How to Ride the Canter (Step-By-Step Guide)

Learning How to Canter on a Horse

If you’re just starting to learn how to ride a horse, sitting with each new gait can be a completely new challenge. The gait I personally found the most difficult to learn how to ride was the canter. I felt like I was being thrown around and that I had no control. Well, now I’m older and wiser and would like to share a simple hack I learned that made learning how to ride the canter much easier.

How do you ride a canter on a horse? The best way to learn how to ride the canter is to initially start cantering in your 2-point position. This position enables you to be securely over your horse without having to worry about how you need to sit in the saddle. Once you master this position, you can start working in the canter in a light seat or a full seat.

If you don’t have knowledge of the different riding positions, what I just said probably makes no sense! Keep reading to get an overview of riding positions and how they can help you learn to canter!

The Different Riding Positions For the Canter

The way you position yourself in the saddle can have a great impact on how you initially ride the canter, especially if you’ve never ridden it before. Read through the different riding positions to get a better idea of each definition and how they stabilize you in the saddle:

Two-Point Position

What is two-point? When you are sitting on your horse’s back at a standstill, you have three points of contact with your horse: your seat and each of your legs. All these areas are touching your horse. So a two-point is when you take away one of those points of contact, which will be your seat.

In a two-point position, you are standing in your stirrups to get your bottom up and out of the saddle. Your feet should still be directly under your waist to maintain balance over the horse. Another aspect that is going to help you feel more secure in the two-point is that you will bend at your waist and bring your hands up the horse’s neck.

If you’re having a hard time visualizing this, the two-point is also known as your jump position. When you see riders jumping, you’ll notice how they get their bottoms out of the saddle and bend their waist to move with the horse. This enables them to move with the horse while remaining securely on their back.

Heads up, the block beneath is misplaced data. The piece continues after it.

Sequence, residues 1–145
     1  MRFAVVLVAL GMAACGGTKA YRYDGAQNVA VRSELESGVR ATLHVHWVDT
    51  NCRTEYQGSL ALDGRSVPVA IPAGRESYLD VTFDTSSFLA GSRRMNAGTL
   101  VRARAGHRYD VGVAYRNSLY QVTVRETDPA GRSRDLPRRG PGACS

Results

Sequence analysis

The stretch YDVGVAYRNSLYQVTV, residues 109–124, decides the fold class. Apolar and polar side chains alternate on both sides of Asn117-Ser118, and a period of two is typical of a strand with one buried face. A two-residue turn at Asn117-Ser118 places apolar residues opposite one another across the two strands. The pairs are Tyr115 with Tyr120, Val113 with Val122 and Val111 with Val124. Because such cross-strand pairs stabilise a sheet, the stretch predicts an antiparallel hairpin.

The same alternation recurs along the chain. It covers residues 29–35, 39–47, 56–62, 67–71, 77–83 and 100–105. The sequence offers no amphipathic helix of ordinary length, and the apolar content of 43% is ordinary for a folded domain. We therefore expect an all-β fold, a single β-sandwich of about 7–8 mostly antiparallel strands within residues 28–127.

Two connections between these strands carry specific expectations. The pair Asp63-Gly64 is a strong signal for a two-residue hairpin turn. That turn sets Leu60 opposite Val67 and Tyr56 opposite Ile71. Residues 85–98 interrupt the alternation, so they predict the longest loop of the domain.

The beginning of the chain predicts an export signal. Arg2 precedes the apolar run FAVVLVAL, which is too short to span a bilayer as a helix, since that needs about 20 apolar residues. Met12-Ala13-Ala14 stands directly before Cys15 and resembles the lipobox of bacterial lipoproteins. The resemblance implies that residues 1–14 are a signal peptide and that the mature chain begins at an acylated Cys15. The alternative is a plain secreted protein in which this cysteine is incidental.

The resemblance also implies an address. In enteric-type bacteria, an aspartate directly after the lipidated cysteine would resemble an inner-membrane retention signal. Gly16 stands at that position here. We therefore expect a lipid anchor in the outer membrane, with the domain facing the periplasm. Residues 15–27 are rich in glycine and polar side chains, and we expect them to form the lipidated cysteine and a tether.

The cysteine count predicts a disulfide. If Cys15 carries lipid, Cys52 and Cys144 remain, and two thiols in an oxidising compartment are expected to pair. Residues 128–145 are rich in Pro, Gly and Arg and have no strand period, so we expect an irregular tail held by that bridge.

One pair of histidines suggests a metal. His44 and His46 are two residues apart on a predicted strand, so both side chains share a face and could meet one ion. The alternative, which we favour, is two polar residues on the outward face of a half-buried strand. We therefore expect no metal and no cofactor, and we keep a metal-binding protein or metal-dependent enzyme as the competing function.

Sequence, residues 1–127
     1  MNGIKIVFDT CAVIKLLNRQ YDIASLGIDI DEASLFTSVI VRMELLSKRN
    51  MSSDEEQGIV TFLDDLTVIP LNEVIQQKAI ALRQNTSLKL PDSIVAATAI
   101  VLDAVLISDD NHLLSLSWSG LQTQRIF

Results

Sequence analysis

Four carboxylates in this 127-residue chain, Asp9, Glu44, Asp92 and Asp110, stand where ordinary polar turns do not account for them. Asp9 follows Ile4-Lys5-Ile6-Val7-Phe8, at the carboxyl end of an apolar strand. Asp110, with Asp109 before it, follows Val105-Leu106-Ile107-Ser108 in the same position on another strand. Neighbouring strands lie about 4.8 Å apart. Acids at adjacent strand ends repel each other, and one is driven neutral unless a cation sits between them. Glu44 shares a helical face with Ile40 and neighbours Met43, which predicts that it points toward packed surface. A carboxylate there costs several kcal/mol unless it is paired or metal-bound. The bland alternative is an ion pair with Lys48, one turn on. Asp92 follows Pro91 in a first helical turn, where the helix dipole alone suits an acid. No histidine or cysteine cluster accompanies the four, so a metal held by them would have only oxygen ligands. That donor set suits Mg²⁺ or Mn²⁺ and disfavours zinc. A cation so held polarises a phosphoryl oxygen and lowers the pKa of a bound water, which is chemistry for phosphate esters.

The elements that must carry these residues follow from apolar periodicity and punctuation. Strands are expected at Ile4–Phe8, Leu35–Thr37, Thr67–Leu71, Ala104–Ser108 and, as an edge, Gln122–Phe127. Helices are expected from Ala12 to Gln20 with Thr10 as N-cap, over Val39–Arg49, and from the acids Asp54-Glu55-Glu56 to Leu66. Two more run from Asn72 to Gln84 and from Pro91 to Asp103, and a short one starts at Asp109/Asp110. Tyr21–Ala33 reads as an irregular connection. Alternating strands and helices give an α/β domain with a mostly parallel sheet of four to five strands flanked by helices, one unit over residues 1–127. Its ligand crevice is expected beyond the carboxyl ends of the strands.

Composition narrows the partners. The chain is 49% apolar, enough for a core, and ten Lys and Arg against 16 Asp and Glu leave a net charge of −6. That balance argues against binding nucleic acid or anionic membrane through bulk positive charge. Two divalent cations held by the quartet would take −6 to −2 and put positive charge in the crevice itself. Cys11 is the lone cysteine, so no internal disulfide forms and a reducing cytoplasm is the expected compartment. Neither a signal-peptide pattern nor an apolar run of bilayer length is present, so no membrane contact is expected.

Light Seat Position

The next riding position you’ll need to know is the light seat. While this may seem very similar to the two-point, there is a difference between the two.

The light seat is the in-between position of the two-point and riding with your bottom glued to the saddle. In the light seat, you’re going to bring your bottom closer to the saddle by sitting more lightly or more on your crotch. You will maintain a slight bend through your hips to provide flexibility and security. 

If you watch riders in the hunter ring, you will notice that just about all of them ride in a light seat both on the flat and through jump courses. Besides being more comfortable and easier to ride, the light seat can also make a ride look flawless and effortless. You may hear the term “half-seat” used interchangeably when talking about the light seat.

Full Seat Position

The full seat riding position engages the three points of contact when riding; each of your legs and also your seat. When you see people cantering in a full seat, their bottoms will look glued to the saddle and you won’t be able to see any space between their seat and the saddle. 

A full seat is also known as the “driving seat,” as it is used to drive a horse forward into its movements. You’ll often see riders riding in a full seat while doing dressage. Western riders also canter mostly in a full seat. Other times you may use it is if you need to encourage your horse forward at a canter to get over a scary jump or to help them feel more confident. 

In a full seat position, you are using your seat as one of your main aids to set the pace of your horse’s canter.